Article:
by Leo Bottrill, Founder and CEO of MapHubs
When COVID-19 panic finally set in Washington DC last week, I had flashbacks to living in northern Vietnam in 2003.
Living on the fringes of the SARS outbreak
Between 2001 and 2004, I worked in Bai Tu Long, a new national park that extended up Vietnam’s coast to southern China — the epicenter of the 2003 SARS outbreak. Like most of Vietnam’s protected areas at the time, illegal hunting in the park was out of control. Fueled by poverty, corruption, and the increasingly ‘sophisticated’ tastes of Vietnam and China’s nouveau riche, the wildlife trade had eradicated much of Bai Tu Long’s wildlife.
If I wanted to see what little remained of the park’s wildlife, I would go to the back room of my local restaurant and find civets stacked on top of monitor lizards, next to bamboo rats. All were alive and ready to be slaughtered on site for paying customers. Pangolins — another alleged COVID-19 vector — would often be stuffed into large bottles of ruou (rice wine) and openly sold and along roadside rest stops — souvenirs for holidaying Hanoians heading home from Ha Long Bay.
When the SARS outbreak hit and fear of transmission was rampant, I remember feeling very nervous. I would take the hydrofoil back to Ha Long surrounded by southern Chinese tourists, some wearing cotton masks, others openly coughing and spitting in the narrow passenger cabin. I was sure I was going to get it.
The Wildlife Trade
SARS never became the global pandemic that we currently face with COVID-19, but the origins are all too familiar. Studies have linked SARS to civets cross infected with bats — a popular delicacy in southern China and across Southeast Asia. After Bai Tu Long, I spent a further two years in Vietnam working on wildlife trade issues. The illegal trade was rampant around a World Heritage Site where I worked, so I lead an investigation into how endangered primates were being hunted to near extinction to feed demand for monkey balm — an arthritis medicine prescribed by “quacks”. The park authority I worked with, however, were less concerned about public health risks and more concerned that my research would jeopardize their UNESCO status.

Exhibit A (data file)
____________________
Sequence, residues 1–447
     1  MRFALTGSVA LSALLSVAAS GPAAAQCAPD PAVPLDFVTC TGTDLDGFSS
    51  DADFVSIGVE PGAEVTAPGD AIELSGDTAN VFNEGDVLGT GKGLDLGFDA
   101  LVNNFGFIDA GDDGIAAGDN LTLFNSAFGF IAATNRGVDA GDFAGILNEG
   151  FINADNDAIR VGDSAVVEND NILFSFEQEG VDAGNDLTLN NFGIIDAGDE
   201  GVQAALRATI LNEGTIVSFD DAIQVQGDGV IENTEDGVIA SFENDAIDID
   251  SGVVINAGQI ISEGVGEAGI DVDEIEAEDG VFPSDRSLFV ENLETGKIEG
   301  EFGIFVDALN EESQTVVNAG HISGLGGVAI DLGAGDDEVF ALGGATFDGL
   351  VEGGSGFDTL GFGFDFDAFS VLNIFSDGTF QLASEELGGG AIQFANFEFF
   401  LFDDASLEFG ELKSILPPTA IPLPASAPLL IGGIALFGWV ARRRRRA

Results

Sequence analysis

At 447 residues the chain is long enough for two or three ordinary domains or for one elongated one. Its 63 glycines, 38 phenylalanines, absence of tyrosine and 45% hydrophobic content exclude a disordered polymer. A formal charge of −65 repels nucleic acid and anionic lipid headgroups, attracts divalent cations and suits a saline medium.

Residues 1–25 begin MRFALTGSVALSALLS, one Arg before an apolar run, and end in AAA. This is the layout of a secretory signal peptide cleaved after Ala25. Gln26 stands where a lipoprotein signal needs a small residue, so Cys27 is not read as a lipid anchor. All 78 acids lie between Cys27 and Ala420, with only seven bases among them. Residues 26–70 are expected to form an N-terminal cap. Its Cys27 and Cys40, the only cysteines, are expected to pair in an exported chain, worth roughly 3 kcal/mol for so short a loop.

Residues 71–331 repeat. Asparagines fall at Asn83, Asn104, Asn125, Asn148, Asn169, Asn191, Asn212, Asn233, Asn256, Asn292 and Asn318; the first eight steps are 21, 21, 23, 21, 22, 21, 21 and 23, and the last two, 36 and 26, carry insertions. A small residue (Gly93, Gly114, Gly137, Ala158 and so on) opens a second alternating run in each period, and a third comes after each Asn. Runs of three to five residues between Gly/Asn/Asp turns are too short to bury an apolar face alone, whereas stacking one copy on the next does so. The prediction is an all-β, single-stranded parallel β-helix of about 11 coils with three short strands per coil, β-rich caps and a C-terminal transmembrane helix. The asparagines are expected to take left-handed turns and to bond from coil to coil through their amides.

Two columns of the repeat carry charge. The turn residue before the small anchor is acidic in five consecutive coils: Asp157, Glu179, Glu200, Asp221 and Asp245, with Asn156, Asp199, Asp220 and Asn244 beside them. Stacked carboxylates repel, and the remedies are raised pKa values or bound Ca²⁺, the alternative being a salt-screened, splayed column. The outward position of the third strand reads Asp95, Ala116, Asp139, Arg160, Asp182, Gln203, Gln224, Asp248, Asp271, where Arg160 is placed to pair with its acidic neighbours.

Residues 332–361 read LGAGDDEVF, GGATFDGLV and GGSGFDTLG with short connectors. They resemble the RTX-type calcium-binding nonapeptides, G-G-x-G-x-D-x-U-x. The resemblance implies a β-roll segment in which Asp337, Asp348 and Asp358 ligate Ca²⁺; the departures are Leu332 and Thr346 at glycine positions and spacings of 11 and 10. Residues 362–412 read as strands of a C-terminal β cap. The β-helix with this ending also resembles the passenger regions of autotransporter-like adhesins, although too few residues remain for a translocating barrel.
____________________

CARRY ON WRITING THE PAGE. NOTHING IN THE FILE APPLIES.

During my time in Vietnam, the SARS outbreak and its wildlife trade origins had no discernible impact on local or national efforts to stamp out the wildlife trade. Conservationists were left without anything like the financial resources or more critically public support required to address a complex environmental and social problem. It was no small irony then that between 2004–2010, The US government granted more than $400 million to Vietnam to fight another zoonotic virus — HIV/AIDS. But in the wake of SARS, efforts to fight the wildlife trade received little boost funding.
What can I do from my apartment in Washington DC?
Like pretty much everybody, I am confined to my apartment, facing an uncertain future. But a catastrophe like COVID-19 focuses the mind. Kris Carle, MapHubs Co-Founder, and I thought about how our forest monitoring technology could play some small part in supporting efforts to monitor a critical part of the virus supply chain — the forest.
The virus supply chain
Like the origins of a palm oil kernel or a cocoa bean — two commodities that we are well acquainted with — coronaviruses have often started their long tangled journey from primeval forests to wet markets such as the one in Wuhan where COVID-19 was alleged to have originated. Vector species such as pangolins and bats are caught by hunters in remote forested regions, trafficked through various middlemen and then sold as a commodity to wealthy, urban consumers.
Forest + access = virus risk